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No Need for Speed: A Beginner's Guide to the Joy of Running No Need for Speed: A Beginner's Guide to the Joy of Running by John Bingham
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“The miracle isn't that I finished. The miracle is that I had the courage to start.”
John Bingham, No Need for Speed: A Beginner's Guide to the Joy of Running
“It was being a runner that mattered, not how fast or how far I could run. The joy was in the act of running and in the journey, not in the destination. We have a better chance of seeing where we are when we stop trying to get somewhere else. We can enjoy every moment of movement, as long as where we are is as good as where we'd like to be. That's not to say that you need to be satisfied forever with where you are today. But you need to honor what you've accomplished, rather than thinking of what's left to be done (p. 159).”
John Bingham, No Need for Speed: A Beginner's Guide to the Joy of Running
“It isn’t a matter of getting the body you want, it’s a matter of doing the most you can with the body you have.”
John Bingham, No Need for Speed: A Beginner's Guide to the Joy of Running
“Your progress as a runner is a frustratingly slow process of small gains. It’s a matter of inching up your mileage and your pace. It’s a matter of learning to celebrate the small gains as if they were Olympic victories. It means paying your dues on the road or the treadmill. It means searching for the limits of your body and demanding that your spirit not give up. It means making the most of what you have. It means making yourself an athlete one workout at a time.”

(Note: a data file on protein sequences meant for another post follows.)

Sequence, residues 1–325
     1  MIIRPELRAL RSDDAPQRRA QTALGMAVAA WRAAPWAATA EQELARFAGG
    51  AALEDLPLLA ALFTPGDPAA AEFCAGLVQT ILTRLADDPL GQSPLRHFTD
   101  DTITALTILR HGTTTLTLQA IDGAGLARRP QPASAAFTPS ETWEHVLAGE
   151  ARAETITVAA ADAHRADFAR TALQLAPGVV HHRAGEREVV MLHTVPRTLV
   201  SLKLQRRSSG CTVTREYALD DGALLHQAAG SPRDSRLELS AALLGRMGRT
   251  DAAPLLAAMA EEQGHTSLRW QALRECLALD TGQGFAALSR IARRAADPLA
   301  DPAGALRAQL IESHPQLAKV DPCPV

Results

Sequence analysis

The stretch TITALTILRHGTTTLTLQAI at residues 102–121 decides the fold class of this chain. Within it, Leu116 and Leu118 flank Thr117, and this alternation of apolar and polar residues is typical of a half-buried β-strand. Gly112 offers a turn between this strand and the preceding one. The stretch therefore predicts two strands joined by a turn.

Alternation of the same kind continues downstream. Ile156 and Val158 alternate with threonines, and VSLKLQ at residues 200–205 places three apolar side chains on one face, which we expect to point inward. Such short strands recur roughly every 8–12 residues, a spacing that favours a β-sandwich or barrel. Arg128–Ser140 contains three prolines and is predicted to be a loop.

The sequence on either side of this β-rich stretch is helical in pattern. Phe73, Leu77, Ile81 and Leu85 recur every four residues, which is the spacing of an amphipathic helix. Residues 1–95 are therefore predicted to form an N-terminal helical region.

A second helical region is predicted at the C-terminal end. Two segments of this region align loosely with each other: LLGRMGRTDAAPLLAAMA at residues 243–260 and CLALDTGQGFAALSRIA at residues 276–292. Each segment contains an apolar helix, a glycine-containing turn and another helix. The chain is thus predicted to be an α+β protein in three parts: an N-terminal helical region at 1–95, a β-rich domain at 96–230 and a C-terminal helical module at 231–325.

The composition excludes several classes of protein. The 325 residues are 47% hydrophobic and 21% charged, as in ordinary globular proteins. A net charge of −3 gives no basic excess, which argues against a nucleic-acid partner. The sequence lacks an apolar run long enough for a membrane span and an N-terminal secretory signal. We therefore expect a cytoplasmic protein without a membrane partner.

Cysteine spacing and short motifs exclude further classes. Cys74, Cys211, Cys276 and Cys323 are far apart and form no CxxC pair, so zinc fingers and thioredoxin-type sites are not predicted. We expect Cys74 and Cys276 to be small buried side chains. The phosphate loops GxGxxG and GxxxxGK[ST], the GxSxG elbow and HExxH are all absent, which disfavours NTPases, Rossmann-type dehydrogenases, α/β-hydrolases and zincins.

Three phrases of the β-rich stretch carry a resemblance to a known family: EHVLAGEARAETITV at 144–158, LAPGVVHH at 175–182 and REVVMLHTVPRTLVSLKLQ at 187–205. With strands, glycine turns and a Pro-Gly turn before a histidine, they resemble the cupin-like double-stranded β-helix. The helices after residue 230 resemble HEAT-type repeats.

John Bingham, No Need for Speed: A Beginner's Guide to the Joy of Running
“Focus on where you are instead of where you wish you were. The joy will follow.”
John Bingham, No Need for Speed: A Beginner's Guide to the Joy of Running
“The only magic in our lives as runners is the magic of consistency. Not every run will make you feel great.”
John Bingham, No Need for Speed: A Beginner's Guide to the Joy of Running
“Trying harder doesn’t always equal more success; it leads to more frustration, less satisfaction, and giving up.”
John Bingham, No Need for Speed: A Beginner's Guide to the Joy of Running
“Suddenly, when the run itself is the goal, there are no more bad runs. Suddenly it doesn’t matter if we don’t finish within our goal time—or don’t finish at all. What matters is that we tried, that we enjoyed the process. What matters is that we got out there.”
John Bingham, No Need for Speed: A Beginner's Guide to the Joy of Running